What of these days, this now, now knowing? What will this feel like when it is past tense? I know there will be worry in my memory, but also a deepening that was never here before Anna. This summer's suns and rains, usually three day bursts of each, were of an unusual intensity. We broke a record this week: 4.37 inches of rain on a single day. A friend tells me something about the stars and planets that I don't understand, but the gist is that things are in a state of uncommon flux. While I write, Luke is at the Science Center with Zaley, petting the octopi and counting the colors of coral reefs. Anna is asleep on my chest, and behind me, the sun makes dramatic appearances between clouds that pour intermittent and crescendoing rain. Before me, in this first house we've ever had here to ourselves as a family, is the biggest mess I have ever seen in my life, and I am ignoring it so I can try to keep track of a season that, like all others, will become only a sentence if I let it.
This is the time of year I become most grateful for this place, and I know, a bit shamefully, it's because we are leaving it. This feels like a small betrayal, to leave our other friends to a season of cold monsoons while we get 80-degrees still ahead and then crisp leaves and there is a clear transition to the wearing of scarves, but I cannot help that I love Colorado. I will miss the proximity of everything in Sitka, the geography, the rain-inspired innovation of indoor games, the fresh salmon, the safety, the good, wild-hearted people.
I will miss my close friend Lisa, who will be moving right after I get here next summer because her husband is in the Coast Guard. The other day, while our kids picked through kelp and crabs and jellies on the beach, I told her I'm worried that at three months (and less than 8 pounds) Anna cannot yet hold up her head. Lisa, who has six kids, doesn't try to explain Anna's differences away with conjecture. She comforts me with the stories of each of her children, the ways they are both different than her expectations, and how each one is the same, in certain ways, as the moment they were born. She brings Anna to sleep by patting her little butt absent-mindedly like a mother who has done this way more than me. Her mothering is so natural and energized, my observations sometimes make me feel like an amateur. She warns about saying yes to the first request of a sleep-over, strictly enforces a daily quiet time so she can read or knit her girls sweaters. She suggests I say a prayer with Zaley every day on the way to her school. As the tide gurgled up the rocky beach, we ate crackers and called to the kids when we lost sight of them behind moss- and barnacle-covered boulders. Lisa says that each child carries within them their mom's sense of hope, that the whole family takes its cue from the mother.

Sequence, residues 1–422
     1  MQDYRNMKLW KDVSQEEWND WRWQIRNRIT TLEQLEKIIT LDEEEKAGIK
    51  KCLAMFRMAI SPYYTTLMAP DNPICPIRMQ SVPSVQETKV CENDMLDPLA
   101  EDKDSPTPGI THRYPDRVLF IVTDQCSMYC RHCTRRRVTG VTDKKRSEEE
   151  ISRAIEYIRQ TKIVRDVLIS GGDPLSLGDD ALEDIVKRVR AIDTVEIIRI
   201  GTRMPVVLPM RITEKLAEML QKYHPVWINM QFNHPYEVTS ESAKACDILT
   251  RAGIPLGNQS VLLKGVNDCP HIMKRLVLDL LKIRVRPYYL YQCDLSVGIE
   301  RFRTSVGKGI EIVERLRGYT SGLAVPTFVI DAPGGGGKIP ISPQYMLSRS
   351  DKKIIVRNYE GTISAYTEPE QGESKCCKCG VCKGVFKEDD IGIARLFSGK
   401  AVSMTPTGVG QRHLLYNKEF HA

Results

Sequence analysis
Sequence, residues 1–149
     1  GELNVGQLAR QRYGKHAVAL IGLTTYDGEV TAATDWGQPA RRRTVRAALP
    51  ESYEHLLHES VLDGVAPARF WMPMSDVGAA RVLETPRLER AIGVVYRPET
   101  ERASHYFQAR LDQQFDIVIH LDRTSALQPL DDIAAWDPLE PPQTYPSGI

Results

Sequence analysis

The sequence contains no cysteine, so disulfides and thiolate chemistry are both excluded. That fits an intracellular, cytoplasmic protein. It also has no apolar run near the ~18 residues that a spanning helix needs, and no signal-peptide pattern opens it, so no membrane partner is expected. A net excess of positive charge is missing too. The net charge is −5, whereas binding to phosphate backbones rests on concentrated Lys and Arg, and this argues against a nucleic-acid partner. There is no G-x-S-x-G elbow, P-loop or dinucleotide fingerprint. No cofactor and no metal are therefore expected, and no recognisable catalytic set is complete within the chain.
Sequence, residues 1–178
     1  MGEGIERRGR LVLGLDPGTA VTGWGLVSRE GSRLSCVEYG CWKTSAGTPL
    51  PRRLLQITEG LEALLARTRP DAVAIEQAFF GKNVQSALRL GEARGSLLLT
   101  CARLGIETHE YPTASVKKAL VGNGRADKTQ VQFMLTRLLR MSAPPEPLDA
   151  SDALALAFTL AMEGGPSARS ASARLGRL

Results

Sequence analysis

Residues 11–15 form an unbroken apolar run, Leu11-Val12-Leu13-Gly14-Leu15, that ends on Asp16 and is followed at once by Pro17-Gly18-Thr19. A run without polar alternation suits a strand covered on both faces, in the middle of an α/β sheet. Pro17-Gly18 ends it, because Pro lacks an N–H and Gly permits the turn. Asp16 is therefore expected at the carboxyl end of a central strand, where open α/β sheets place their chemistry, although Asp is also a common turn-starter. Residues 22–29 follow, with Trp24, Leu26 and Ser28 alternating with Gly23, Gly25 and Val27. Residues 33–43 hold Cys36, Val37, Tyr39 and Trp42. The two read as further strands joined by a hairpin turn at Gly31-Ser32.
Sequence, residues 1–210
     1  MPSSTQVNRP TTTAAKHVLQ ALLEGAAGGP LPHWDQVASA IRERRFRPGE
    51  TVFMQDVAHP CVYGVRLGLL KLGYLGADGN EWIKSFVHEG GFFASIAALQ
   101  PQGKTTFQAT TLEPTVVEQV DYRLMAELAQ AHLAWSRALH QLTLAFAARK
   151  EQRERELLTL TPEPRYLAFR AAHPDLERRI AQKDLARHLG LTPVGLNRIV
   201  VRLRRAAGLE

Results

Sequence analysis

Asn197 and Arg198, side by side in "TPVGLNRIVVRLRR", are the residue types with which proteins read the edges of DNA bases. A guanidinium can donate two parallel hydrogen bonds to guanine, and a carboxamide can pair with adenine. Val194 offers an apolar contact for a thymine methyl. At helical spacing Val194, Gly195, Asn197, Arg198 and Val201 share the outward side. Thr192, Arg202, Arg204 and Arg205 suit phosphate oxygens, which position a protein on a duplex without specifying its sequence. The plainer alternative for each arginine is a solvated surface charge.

On Saturday evening, at church, the priest presented two ankle-width, white candles to the father and mother of the boys who died in the landslide. I wonder how this mother can have hope, this smiling woman with tears running down her face who somehow buttoned her blazer and got in the car and made the sign of the cross. But then I see that there are other children sitting with her, and I think of what Lisa said, and I look at my girls who are in a state of noticeable deterioration during this one hour of the week I would like them to be good, and I think that if I lost it as much as I wanted to with the choir singing a sad Catholic song from my childhood and the hard rain falling irreverently from the roof, my kids would fall apart even more, too. Hope is not always a given in motherhood--or for any person, really; it comes when our children or families summon.
I must be hopeful. I must not do what I did earlier this week, which is see how early you can spot signs of cerebral palsy (a symptom of congenital cmv) in a child who does not yet lift her head. So instead, I think of a quote I read online from another mother whose daughter has the same condition: "Our kids won't live common lives. They'll live extraordinary ones."
Yesterday, using a hot pink, hand-me-down, Barbie fishing rod, Luke caught Zaley one last salmon in the river. We said our annual goodbyes, talked of how hard it is to leave a place even if staying would be harder. Tomorrow, the plane will cut through the fog and take us back to Denver.